As part of a summer trip intrepidly travelling around the United Kingdom I had come to Bath as I was enroute to experience the Summer Solstice sunrise at Stonehenge. Bath is located amongst the rolling Somerset countryside known as a historic Roman and Georgian spa town that was founded around natural hot springs. Bath is located on the banks of the Avon River, 100 miles west of London (90 minute by train) and only 15 miles southeast of Bristol with a population of approximately 90,000.

Bath is one of the few cities to be deemed a World Heritage Site on account of its incredibly beautiful Georgian architecture and one the world’s best preserved Roman bath complexes. Over 4 million visitors a year are drawn to the smorgasbord of attractions, idyllic streets and shops as it’s the perfect place for a day trip, to unwind or a romantic weekend. It is the only place in the United Kingdom where you can bath in pools of naturally heated water from deep within the Earth, and Bath has been attracting travellers and bathers for at least the last two thousand years.

It is best to arrive into Bath by public transport (Bath is well connected to London and Bristol by train and bus) as the majority of the cities attractions are within walking distance of the city center and public transport hubs meaning you won’t need to worry about expensive parking! While in Bath I stayed at the Bath YMCA which offers intrepid travellers comfortable accommodation for a great price as Bath can be expensive.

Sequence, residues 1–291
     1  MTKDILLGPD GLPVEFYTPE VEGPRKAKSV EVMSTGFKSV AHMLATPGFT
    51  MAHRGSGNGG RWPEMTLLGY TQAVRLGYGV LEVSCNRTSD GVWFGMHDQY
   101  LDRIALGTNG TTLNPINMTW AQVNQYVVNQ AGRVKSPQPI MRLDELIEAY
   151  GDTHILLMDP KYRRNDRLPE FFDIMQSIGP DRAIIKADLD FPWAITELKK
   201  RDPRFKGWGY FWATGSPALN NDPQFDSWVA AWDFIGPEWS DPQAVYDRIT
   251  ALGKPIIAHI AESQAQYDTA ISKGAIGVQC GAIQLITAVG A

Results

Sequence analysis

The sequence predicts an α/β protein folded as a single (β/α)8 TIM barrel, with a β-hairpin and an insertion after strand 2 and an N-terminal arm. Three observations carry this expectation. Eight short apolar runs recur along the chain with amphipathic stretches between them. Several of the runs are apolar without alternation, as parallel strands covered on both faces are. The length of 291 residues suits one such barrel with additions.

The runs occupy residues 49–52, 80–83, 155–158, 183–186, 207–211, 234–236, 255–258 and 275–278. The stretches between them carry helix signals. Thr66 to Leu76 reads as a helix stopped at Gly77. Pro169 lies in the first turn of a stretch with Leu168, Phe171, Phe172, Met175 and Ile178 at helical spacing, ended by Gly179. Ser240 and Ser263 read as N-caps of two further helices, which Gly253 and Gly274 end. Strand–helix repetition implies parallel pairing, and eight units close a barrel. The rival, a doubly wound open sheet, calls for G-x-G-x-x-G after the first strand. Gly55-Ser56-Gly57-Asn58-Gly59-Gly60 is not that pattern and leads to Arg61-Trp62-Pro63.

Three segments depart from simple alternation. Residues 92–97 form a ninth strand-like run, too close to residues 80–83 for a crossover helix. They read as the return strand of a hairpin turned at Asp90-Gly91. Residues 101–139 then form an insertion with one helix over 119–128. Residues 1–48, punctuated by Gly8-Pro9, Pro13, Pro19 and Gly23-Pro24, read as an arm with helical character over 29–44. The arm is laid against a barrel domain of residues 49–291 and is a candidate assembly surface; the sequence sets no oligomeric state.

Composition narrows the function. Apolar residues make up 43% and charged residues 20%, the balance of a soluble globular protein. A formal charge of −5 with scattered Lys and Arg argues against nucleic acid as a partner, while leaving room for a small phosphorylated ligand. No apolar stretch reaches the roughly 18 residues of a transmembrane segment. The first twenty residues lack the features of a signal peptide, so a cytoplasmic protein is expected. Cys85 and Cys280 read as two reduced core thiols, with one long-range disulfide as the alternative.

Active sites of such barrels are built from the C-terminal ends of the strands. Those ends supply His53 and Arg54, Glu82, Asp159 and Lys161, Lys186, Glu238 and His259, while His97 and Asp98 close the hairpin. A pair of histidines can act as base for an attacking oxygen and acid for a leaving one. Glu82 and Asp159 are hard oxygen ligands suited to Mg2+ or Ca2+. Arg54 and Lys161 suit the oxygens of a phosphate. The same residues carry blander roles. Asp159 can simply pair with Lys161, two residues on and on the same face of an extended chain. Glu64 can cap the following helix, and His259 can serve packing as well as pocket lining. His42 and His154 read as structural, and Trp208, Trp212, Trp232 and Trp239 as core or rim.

The majority of visitors come to Bath to witness it’s unique Georgian architecture, personified by the renowned buildings of the circular Circus (the 18th century oval of buildings that are separated into 3 equally sized sections) and The Royal Crescent which is an iconic semi elliptical crescent of houses completed in 1774. Of course travellers and tourist also come to explore the rediscovered Roman baths built by the Romans around 2000 years ago that are supplied by the only mineral hot spring in England. The Baths have been largely excavated and are now maintained with exhibits to educate visitors as to their former glory.  

The following are also worth a visit during your visit; the Bath Abbey, Walcot Street, Sion Hill, Great Pulteney Street, the Pulteney Bridge and a walk along the Avon River and through Prior Park to see firsthand a rare example of a Palladian bridge.

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